Saturday, September 24, 2016

The Strongest of Fathers

I once saw an ad for Whirlpool dishwashers that was actually really awesome because it focused on involved fathers. It showed a man playing with his son, providing a meal for him, caring for him when he got hurt, and cleaning up after him. Not once did the advert switch over to a mother completing any of those tasks - the father's relationship with his son was demonstrated as being something that existed outside of a female figure's presence.
It made me reflect on how little we focus on RasulAllah as a father figure - to Zaid ibn Harith, Ali ibn Abi Talib, Zaynab bint Abi Salamah... imagine what kind of parent-like figure he must have been to inspire Zaid to refuse to go back to his own family; imagine how Zaynab bint Abi Salamah felt, knowing him as the only father in her life, being so beloved to him that he would spend time with her even though other Sahabah were waiting for him to come out and teach them.
He raised Fatimah (ra) for some time almost as a single father, and their bond was unbreakable, testified to by A'ishah (ra) herself. RasulAllah was, even before Nubuwwa, the best example for this Ummah - a model of what it means to be an involved, invested, present father.
If people want to obsess about masculinity, then look to RasulAllah first & foremost - he exemplified what it meant to be a real man. He was unshakeable in battle & firm in principle, but he was also gentle and softhearted, who never once found it emasculating to weep in public, to cradle children, to declare his love for his wife by name, to serve his family without resentment or anger.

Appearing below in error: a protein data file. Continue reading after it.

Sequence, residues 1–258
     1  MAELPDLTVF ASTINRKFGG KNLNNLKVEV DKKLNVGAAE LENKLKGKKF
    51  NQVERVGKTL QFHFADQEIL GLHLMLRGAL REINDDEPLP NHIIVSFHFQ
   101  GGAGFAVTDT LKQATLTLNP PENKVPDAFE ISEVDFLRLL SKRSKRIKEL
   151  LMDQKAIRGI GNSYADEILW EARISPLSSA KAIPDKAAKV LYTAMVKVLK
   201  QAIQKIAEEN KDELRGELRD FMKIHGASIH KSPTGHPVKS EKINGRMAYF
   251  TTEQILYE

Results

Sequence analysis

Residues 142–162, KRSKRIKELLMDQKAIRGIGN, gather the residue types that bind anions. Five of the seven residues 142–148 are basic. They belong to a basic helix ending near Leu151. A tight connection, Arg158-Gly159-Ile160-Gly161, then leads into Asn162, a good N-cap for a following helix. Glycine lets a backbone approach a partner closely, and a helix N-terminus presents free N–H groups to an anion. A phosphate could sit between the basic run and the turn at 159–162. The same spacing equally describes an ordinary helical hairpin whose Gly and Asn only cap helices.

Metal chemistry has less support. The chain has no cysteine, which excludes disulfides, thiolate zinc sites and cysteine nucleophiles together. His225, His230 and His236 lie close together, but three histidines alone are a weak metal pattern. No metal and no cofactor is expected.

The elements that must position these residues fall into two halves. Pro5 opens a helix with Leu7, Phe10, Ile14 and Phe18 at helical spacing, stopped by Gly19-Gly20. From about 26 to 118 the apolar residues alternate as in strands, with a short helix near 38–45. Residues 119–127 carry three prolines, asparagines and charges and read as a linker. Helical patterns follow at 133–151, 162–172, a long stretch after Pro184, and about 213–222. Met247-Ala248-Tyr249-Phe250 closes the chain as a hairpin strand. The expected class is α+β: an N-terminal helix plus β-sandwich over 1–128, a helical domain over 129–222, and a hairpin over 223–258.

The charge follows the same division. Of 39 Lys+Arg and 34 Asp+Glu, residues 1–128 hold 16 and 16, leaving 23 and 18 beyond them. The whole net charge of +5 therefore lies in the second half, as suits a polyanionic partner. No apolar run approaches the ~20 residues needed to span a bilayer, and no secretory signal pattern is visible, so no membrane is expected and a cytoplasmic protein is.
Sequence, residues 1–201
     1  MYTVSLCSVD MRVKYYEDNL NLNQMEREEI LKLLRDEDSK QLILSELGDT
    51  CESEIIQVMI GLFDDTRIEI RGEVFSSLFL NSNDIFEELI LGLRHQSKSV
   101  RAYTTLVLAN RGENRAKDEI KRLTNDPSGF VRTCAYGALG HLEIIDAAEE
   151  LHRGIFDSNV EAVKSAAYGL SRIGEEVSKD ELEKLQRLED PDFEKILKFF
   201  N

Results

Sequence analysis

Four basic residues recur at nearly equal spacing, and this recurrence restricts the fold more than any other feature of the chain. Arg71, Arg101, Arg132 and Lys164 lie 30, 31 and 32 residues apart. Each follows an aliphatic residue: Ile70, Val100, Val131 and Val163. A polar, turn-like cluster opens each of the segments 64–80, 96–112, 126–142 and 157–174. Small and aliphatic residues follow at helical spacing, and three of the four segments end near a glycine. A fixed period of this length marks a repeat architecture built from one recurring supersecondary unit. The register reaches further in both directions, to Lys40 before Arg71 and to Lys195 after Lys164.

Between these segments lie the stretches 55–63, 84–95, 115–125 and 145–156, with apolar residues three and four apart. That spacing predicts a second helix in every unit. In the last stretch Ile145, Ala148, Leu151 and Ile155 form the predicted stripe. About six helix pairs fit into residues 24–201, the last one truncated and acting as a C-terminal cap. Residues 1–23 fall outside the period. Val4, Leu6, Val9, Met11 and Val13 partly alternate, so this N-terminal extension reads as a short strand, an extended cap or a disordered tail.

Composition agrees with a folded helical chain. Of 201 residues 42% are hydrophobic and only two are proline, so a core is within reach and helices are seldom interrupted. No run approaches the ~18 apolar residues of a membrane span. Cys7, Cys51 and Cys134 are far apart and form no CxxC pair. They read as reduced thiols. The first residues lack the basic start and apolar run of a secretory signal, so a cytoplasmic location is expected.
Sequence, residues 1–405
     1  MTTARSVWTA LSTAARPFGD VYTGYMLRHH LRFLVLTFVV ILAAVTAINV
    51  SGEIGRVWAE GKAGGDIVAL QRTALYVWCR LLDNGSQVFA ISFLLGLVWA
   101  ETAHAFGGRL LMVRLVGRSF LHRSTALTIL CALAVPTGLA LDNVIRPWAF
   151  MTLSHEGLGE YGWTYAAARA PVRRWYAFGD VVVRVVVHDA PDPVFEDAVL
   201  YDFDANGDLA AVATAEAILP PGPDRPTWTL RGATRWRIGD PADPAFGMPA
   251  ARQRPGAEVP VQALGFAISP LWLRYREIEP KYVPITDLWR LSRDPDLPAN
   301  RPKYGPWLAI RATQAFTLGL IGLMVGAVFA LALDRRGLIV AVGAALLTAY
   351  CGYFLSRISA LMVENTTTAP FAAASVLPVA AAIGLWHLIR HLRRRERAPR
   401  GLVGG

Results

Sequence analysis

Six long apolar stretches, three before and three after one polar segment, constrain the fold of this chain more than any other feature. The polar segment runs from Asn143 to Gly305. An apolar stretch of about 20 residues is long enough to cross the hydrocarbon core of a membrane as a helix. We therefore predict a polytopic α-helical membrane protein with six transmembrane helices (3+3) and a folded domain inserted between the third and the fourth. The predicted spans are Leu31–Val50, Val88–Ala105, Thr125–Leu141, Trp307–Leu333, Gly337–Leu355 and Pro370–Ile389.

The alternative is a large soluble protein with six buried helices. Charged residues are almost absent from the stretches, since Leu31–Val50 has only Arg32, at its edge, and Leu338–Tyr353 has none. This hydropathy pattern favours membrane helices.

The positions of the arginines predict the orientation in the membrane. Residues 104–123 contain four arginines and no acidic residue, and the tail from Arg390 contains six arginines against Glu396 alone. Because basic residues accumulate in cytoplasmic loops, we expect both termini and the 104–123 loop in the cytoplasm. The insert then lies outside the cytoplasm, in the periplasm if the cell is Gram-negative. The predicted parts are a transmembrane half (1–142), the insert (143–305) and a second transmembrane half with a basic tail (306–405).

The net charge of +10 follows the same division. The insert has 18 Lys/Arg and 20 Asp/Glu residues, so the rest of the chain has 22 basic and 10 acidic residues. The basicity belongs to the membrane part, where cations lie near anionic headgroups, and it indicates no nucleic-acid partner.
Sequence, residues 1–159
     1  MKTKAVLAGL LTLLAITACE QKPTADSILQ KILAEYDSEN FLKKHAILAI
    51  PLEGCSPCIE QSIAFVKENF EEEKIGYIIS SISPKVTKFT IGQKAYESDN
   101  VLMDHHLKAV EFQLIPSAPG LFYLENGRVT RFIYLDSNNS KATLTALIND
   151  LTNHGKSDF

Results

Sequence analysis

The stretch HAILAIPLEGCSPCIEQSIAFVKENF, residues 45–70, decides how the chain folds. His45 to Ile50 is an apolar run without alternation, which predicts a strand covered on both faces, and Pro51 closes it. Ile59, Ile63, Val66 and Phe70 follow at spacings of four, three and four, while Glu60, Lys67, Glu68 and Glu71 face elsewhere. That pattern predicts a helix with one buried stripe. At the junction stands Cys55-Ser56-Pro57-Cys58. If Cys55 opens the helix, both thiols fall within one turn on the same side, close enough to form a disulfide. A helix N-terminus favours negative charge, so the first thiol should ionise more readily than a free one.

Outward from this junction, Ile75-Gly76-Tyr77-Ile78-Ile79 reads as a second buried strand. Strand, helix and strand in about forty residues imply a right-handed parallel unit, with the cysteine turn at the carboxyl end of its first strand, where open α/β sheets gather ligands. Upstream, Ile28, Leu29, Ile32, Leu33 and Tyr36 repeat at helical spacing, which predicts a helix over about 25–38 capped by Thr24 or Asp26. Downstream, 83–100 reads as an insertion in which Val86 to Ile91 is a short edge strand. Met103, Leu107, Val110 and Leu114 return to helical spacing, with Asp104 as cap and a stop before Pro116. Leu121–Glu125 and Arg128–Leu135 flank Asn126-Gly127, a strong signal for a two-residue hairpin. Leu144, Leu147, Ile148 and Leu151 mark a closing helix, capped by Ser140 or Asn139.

He was a man who supplicated for the woman who fought in battle at Uhud, throwing her body in front of his to protect him - his masculinity was not so fragile that he considered her a threat to the concept of the male warrior; when A'ishah raised her voice to him, he did not accuse her of being unwifely or disrespectful. In turn, he inspired love beyond measure; the men & women around him drew strength from his strength, inspiration from his vulnerability and humanity. His masculinity was unquestionable, & the respect even his enemies had for him was due to his justice.
!صلى الله عليه وآله وسلم
His Companions followed in his footsteps: men like Abu Bakr, Umar, Uthman & Ali weren't surrounded by silent women, nor did they feel threatened by women who expressed themselves. Rather, Abu Bakr married a woman like Asmaa' bint Umays, who got angry at Umar and took him to RasulAllah to settle their dispute; Umar raised a woman like Hafsah, who had no fear of debate.
These men and women were confident enough about themselves that they didn't consider every dispute or disagreement to mean a gender war. They knew better than anyone what qiwamah meant; they lived it.
The presence of women on the battlefield did not make the men any lesser men; the presence of men in the homes, kissing their children, did not make them any lesser men. The strength of women did not negate the strength of men, but was appreciated and considered a complement, a necessary component for society's function and betterment.
These men and women had something we have little of today: respect for each other, appreciation for each other's strengths - whether stereotypically feminine, masculine or otherwise - an understanding of each other's weaknesses, and the willingness to engage with each other even when there was strong disagreement.
Above all, they knew the true meaning of the Divine Words:
{The believing men and believing women are allies of one another. They enjoin what is right and forbid what is wrong and establish prayer and give zakah and obey Allah and His Messenger. Those - Allah will have mercy upon them. Indeed, Allah is Exalted in Might and Wise.} (Quran 9:71)

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